Jeremy: I know, Ineed to know these companies, people get funded based on building a no-code.

Joshua (JT) Tiernan: Yeah.I read about one yesterday and I can't remember who it was. I'm sorry,

Jeremy: this isgreat. This is the first failure of this episode.

You gotta send me that. I'll link it up and I'll link it upin the show

Joshua (JT) Tiernan: notes.Okay, cool.

Jeremy: So thereare, there are people that have gotten raised money building no code tools, butnone have been no coders. Okay. Alright,

Joshua (JT) Tiernan: well,yeah, potentially. Yeah, there might be developers and they've [00:24:00] usedno code solutions to build faster and validate.

Um, but makeup pads, spill with no coat as well.

Jeremy: Well,yeah, but maker pads just courses, right? So like, it's just, it's just thecontent engine. So like an actual platform you can call in. I get it. You cancall it anything, a platform written about like the actual technical tool ofshowing people how to be building.

Like, if you're, if you're saying here, here's my bubbletutorial, here's me showing you how to use bubble, right? Like that's youshowing someone else how to use a platform? So like, I'm thinking about otherpeople who have built a product, right. That product. Yeah. That builds thingsand does, right. Yeah.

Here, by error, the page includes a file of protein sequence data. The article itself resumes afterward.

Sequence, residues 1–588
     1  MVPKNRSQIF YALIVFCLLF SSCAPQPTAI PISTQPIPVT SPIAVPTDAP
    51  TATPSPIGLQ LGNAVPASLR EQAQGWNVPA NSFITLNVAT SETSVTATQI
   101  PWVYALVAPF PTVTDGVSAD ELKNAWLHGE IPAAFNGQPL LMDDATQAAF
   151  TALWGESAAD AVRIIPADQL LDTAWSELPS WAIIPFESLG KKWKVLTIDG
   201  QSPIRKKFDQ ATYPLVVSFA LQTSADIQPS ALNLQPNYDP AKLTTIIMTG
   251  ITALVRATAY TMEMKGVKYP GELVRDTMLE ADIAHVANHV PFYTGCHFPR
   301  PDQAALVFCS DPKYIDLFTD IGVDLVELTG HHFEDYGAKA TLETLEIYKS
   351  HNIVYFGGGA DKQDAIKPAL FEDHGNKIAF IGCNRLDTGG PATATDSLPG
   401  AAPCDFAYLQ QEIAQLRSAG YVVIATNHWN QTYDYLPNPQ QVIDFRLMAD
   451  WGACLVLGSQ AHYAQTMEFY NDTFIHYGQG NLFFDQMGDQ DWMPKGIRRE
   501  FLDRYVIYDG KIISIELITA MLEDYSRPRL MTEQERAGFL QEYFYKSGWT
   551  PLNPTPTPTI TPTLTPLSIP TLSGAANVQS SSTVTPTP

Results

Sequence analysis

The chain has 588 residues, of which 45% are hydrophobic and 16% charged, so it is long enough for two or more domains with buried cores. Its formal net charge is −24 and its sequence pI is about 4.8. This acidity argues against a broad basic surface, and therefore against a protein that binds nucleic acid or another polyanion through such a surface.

Like a SAS product. Yeah. That is actually raising money.That's no code. So like we're in the middle of like a million dollar raiseright now. Cause we're [00:25:00] going through the launch accelerator and I ama no coder. So I, I would like you to scour scour the fucking Slack channel.Cause I need to know this. I need to know if I would be the first no code solofounder to build a no-code platform and raise a million dollars or more.

Wow. Have you heard of anyone like that, Josh? Um,

maybe not. I'm telling you, I'm telling you, you gottasearch. You gotta search. We gotta look, we gotta look, we're gonna worktogether. We gotta look at this because I'm going to come out and exclaim it.But if it's not the truth, like I've done my research on almost every fuckingplatform out there. Every single platformed, no code platform.